The Stones and Allmans’ Chuck LeavellBy John
The Rolling Stones’ longtime keyboard player comments on the legendary band and the excitement of upcoming concerts in an exclusive Spins on Music interview.
Lots of smiles, and everyone is in fantastic shape and looking forward to getting this in front of the fans.
He’s the fifth – and often overlooked – member of The Rolling Stones.
But as “the world’s greatest rock ‘n’ roll band” rehearses in Paris for its first major concerts in more than five years, keyboard legend Chuck Leavell is in the thick of the reunion hubbub, helping draw up set lists for the band’s four much-ballyhooed shows in London and New Jersey.
The Rolling Stones made a big media splash this week when they performed a “surprise” concert at a tiny 700-capacity nightclub in northern Paris, wowing fans in the intimate setting with their 75-minute “warm-up” show, according to Reuters and other news agencies. Although tied up in rehearsals, Leavell emailed me to say that the “gig went great, as all the media is reporting.” (Another one of those media reports here.)
For an astonishing three decades, Leavell has been the Stones’ keyboard player, bolstering the iconic music of Mick Jagger, Keith Richards, Charlie Watts and Ronnie Wood.
Of course, the keyboard player’s jaw-dropping resume also includes a long stint with The Allman Brothers and work with such stars as Eric Clapton, George Harrison and The Black Crowes, not to mention highly regarded solo projects, studio session work and a recent affiliation with guitarist-singer John Mayer, who was forced to cancel his 2012 national tour with Leavell due to a granuloma on his vocal cords.
Earlier this year, Leavell released a new solo album, “Back to the Woods: A Tribute to the Pioneers of Blues Piano,” won a lifetime achievement Grammy Award for his work with The Allman Brothers, and was named an honorary forest ranger for his conservation work as owner of a Georgia tree plantation. He’s also authored the book, “Growing a Better America.”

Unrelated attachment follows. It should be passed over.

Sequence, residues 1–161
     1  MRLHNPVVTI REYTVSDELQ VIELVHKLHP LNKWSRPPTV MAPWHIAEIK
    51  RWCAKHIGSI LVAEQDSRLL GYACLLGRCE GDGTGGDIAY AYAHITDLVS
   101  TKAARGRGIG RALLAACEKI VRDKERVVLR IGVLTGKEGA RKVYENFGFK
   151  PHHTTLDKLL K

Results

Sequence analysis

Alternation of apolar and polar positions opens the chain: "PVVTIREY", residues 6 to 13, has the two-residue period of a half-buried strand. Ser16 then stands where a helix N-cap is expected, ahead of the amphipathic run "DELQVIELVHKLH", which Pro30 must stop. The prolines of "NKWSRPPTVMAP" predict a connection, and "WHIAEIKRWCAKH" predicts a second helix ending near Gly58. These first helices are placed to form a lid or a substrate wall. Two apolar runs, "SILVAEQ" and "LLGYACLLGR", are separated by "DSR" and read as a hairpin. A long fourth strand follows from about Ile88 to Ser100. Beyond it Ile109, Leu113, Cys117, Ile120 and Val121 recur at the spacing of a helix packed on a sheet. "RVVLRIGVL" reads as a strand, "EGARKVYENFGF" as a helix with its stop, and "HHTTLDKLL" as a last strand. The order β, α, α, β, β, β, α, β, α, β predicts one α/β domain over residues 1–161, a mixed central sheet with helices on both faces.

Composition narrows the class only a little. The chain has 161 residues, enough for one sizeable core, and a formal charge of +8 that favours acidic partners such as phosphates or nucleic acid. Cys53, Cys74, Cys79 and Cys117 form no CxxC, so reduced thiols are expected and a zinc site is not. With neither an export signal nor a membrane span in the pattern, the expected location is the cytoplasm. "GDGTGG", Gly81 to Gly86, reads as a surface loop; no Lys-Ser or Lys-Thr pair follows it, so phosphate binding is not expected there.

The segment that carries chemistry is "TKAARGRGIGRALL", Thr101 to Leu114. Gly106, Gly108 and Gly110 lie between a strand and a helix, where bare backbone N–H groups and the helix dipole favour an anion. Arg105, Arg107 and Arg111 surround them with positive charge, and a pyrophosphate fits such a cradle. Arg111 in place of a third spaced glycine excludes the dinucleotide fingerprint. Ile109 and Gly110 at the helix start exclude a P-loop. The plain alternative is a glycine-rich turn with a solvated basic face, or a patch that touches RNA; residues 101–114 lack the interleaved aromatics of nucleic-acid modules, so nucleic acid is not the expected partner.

I recently interviewed Leavell while he was in Paris rehearsing for those upcoming shows with the Rolling Stones, following up on an earlier Q & A that I conducted with him prior to the canceled Mayer tour. Here are excerpts from those interviews:
Q: The Stones play four arena shows – Nov. 25 and 29 at London’s O2 Arena and Dec. 13 and 15 at Newark’s Prudential Center – as part of their long-anticipated 50th anniversary celebration. How excited are you to be part of this legendary live band again and what sort of preparations are involved?
A: It has been over five years now since we have played a show, so it is just great to be back together again running through all these wonderful tunes. We are in Paris rehearsing and it is going really well. Lots of smiles, and everyone is in fantastic shape and looking forward to getting this in front of the fans. We’ve had about two weeks’ rehearsal so far and have another couple of weeks before we get to production rehearsals.
Q: What are you hearing about the prospects for a full-fledged tour by the Stones?
A: No word on that at all for the moment. The focus is totally on these upcoming shows and no discussions of any further activity will take place until these are done. So we all have to wait and see.